Three months of summer, at the end of a 40 mile cul-de-sac, with neither crime, pollution, nor traffic is inadequate preparation for a destination road trip. The agony of 600 miles through urban torture, Chicago, road rage-in-waiting, 60 y/o car, manual shift, no A/C, no cruise control, no power windows, no power steering, no cupholders, during late afternoon commuter traffic; a breeze in 85°F, top down.
Grew up here. Left. Never came back.
Still a Cub fan.
Once described by my own children, an assumed term of endearment,”the Direction God”, I have no GPS, no I-phone (by choice). An innate internal compass, the singular guide, has served me well.
I’ve left home without my dog-eared 2002 Rand-McNally Road Atlas.
Large print version.
On my own, I escape the IL tollways to drift through northern Illinois farm country, mostly county roads. Idyllic; corn on the left, soy beans to the right, 4-H, silos, holsteins, farmers struggling with commodity prices, I become thirsty. Hershey® thirsty.
For a glass of chocolate milk.
Passing through Harvard, IL, childhood home to my college roommate’s wife, her family tenant farmers, a lovely woman, Polly excelled as a pianist…lost her younger sister, one of the ‘five peppers’; to cancer. Lung cancer. She had never smoked.
We are all dealt a deck of cards. Connie’s was missing the ace of hearts.
So, I am lost.
Having found a farmer, roadside, to ask for directions…he admires my 300SL, I lust over his John Deere, S790. The combine has a capacity of 400 bushels vs. my trunk; one spare tire, two pcs. soft luggage and three cans of cold Heineken.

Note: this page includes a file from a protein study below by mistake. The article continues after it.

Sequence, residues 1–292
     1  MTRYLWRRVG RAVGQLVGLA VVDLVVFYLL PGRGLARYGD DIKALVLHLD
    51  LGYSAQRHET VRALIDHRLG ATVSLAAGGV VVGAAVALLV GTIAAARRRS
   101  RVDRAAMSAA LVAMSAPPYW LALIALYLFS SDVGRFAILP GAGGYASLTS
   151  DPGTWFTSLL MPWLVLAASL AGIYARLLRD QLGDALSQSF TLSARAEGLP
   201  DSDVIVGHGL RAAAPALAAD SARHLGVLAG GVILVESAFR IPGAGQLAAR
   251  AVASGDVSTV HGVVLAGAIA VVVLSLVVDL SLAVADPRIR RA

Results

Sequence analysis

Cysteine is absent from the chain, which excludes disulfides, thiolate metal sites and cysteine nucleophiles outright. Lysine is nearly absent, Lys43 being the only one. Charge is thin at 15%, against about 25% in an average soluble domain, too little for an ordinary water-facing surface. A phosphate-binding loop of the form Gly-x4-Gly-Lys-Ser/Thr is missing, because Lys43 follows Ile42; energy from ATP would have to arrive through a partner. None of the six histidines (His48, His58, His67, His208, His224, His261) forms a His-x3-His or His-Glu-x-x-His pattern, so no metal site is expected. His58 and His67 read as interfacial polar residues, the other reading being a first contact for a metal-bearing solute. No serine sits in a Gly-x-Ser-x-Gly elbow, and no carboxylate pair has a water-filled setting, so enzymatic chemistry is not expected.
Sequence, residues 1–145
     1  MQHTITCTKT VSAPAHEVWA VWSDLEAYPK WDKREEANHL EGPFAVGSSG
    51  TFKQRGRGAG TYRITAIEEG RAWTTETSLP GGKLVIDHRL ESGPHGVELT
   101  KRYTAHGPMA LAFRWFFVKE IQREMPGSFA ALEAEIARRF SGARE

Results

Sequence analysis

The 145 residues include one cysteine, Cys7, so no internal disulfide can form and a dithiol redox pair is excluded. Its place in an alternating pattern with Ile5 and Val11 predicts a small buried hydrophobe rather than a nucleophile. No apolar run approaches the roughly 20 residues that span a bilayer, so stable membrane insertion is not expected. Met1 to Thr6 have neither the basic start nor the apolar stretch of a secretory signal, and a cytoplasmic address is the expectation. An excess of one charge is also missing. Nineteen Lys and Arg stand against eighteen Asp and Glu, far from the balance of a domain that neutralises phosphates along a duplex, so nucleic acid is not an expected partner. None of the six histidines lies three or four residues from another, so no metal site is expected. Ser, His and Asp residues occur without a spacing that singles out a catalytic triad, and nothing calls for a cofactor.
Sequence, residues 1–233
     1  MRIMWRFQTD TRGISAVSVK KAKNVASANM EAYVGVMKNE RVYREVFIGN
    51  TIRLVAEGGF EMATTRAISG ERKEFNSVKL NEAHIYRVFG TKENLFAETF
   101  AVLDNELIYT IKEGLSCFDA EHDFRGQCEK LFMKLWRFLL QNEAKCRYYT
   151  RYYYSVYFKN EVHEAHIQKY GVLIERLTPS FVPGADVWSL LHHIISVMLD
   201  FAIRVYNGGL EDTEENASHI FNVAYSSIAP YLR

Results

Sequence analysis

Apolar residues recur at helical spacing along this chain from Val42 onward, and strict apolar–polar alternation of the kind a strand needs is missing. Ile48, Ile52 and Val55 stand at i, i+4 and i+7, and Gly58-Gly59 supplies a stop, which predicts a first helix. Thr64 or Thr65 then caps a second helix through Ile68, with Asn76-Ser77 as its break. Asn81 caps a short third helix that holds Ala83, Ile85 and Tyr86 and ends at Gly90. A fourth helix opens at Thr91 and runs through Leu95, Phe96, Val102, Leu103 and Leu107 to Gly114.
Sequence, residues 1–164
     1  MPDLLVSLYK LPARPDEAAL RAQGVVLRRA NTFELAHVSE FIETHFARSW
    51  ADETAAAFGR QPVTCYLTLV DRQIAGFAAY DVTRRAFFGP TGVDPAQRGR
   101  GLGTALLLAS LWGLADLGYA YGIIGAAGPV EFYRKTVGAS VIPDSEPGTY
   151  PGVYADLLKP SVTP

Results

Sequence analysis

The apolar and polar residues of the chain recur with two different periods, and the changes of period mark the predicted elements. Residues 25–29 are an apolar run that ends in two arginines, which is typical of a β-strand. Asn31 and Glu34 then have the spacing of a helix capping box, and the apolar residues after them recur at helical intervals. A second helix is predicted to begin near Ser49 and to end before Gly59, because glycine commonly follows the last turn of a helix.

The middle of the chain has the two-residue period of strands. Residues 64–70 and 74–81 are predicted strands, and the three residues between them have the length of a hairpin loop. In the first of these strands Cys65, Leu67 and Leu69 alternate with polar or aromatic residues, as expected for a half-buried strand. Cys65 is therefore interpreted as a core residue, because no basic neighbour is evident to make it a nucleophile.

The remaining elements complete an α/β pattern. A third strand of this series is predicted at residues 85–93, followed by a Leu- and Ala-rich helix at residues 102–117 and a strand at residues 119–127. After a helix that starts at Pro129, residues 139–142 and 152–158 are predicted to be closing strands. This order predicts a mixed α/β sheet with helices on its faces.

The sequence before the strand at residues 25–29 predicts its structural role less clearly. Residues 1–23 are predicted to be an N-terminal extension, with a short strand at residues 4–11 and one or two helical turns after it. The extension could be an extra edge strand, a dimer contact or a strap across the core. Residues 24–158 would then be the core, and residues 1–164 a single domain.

He’s using a hand held I-Mac testing the beanfield moisture levels, electronically. I offer an even trade, your 790 for my 300, he hesitates to check values on his phone, then ” Nope, no thanks, not without A/C ”
He gave me precise directions to WI, then laughed, “you got no GPS, hell, my lawn tractor has one, and A/C !”
S790 72 rows of soybeans bite the dust
I’ve reached my goal, the Abbey, an upscale, yet aging, resort. First stop, registration, where two lovely volunteers supply credentials in a large tote bag, which I had weighed ~ 22 lbs (10Kg). Contains name tag, route maps, trinkets, candy, souvenirs, a tiger-eye maple cutting board, and, heavy metal; 12″ dagger!
Wüsthof…translated to German, murder weapon ?
Entry door nearest my room
And tote bags. We’re a nation of excess, measured by the number of accumulated totes. I once attempted to dump ~ 25 of them, back door at the Goodwill, get my $200 deduction slip, and drive away with a grin. No dice.
Sorry, sir, “we don’t accept tote bags, take them to the landfill, but they’ll make you pay to dump.”
I’m off to the opening salvo, a serial hugfest…let’s get acquainted hour. First stop, the open bar.
“Good evening, sir, what can I get you ?”
I’ll have a Cocoa Corona.
“I’m sorry, what was that ?”
Easy kid, ½ chocolate milk, ½ Corona lager, & 3 drops of Tabasco®.
“We don’t have Corona, but we do have Coors Light”
Ok, make it a Cocoa Coors Light.
Fontana, WI, westernmost edge of Lake Geneva, a resort where medicaid and supplemental social security are a myth. Here, summer residents, the multi-generational wealth of Windy City moguls, have mastered leisure splendor. Anyone above the poverty line is welcome for a ‘look-see’, however, for a long term stay, leave your credit score at the door.
A small portion of the Wrigley compound, pieced together with Doublemint®, Spearmint®, Juicy Fruit® and the tears of a million Cub fans
“Something wrong here, choppy, whoa, this lake is covered in water. Completely. I’d feel safer if you sat on my lap”
If you want to read about the drive home, maybe next year.
Bring a quart of chocolate milk.
** courtesy DKPhotography, all rights reserved